That bears repeating. NJR has increased its customer base every single year in the past 21 years and it has increased its per share dividends every year for the past 17 … a string of consistency rivaled only by the ocean tides.

And in that time, NJR has absolutely trounced the S&P 500 in stock performance. It even managed to keep pace in the late 1990s when most rickety, old-economy companies were left for dead and any business with a domain name would oversubscribe an IPO.

(click to enlarge)

The last year, however, has been a bit of a different story. First, record-low natural gas prices and, then, a 100-year weather system known as Superstorm Sandy have caused a 20% sell-off in the stock. Meanwhile the S&P500 has, ahem, stormed ahead.

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So could the sell-off of this perennial outperformer with a stellar track record create a buying opportunity?

Management

A quick word about management. The quality of management can often be inferred from past performance, assuming the same managers responsible for the past performance are still running the show in the present.

That is certainly the case with NJR.

The CEO of the company is Laurence Downes. He's 55 years old, although he looks like he's 35 (I wonder what moisturizer he uses). Downes has worked with NJR for 30 years and has helmed the company since the tender age of 35 (when he looked like he was 15).

There are many benefits to having a long-tenured CEO. Downes has worked in every facet of the business and understands its nuts and bolts. It's much easier to command your people in the trenches if you've actually been in the trenches. If he was, in fact, an idiot, I surmise that he would have wreaked 10x Superstorm Sandy damage on the business by now. Instead, 25 years of trouncing the S&P.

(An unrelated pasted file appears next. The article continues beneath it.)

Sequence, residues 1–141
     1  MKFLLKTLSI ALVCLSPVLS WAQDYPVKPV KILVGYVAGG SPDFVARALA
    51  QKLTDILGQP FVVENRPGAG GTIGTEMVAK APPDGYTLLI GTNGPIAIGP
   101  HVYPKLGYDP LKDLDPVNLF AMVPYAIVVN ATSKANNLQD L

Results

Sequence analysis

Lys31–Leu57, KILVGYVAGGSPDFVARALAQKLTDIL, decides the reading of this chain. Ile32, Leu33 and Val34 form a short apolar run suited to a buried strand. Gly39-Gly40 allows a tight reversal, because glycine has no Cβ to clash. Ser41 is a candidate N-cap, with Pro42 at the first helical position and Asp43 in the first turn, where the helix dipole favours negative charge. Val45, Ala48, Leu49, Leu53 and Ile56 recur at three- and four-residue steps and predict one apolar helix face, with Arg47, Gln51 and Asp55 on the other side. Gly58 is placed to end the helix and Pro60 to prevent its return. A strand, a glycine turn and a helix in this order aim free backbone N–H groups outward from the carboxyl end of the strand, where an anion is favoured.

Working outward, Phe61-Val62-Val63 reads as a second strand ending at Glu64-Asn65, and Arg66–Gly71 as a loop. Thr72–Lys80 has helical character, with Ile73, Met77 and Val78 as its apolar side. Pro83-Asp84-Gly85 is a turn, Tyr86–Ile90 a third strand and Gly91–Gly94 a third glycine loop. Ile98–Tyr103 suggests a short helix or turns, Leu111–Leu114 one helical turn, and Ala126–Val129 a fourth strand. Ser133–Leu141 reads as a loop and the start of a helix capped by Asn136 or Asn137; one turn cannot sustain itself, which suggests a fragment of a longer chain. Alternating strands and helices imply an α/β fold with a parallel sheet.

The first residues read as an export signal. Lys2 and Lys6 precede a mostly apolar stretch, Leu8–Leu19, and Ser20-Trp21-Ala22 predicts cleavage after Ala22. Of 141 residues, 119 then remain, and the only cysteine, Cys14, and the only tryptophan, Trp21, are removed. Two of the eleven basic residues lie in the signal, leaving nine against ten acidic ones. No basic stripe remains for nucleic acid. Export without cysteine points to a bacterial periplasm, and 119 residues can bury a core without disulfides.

The VP of Clean Energy, the Corporate Secretary, and the CFO all have 25 - 30 year tenures with the company. The continuity this creates is invaluable, allowing incremental gains in efficiency as people familiar with their jobs find ways to do it even better than before … and it is likely a huge factor in NJR's performance.

Now, you might be saying to yourself that Dick Fuld was the CEO of Lehman Brothers for 14 years before he drove it over a proverbial cliff … And in response, I would offer the following, carefully considered argument: NEVERMIND!

Sustainable Competitive Advantage

So we've checked off track record and management. What about sustainable competitive advantage?

This is a pretty easy one. First, NJR has a monopoly on natural gas distribution in its service area with no immediate threats looming. A monopoly, almost by definition, is a sustainable competitive advantage.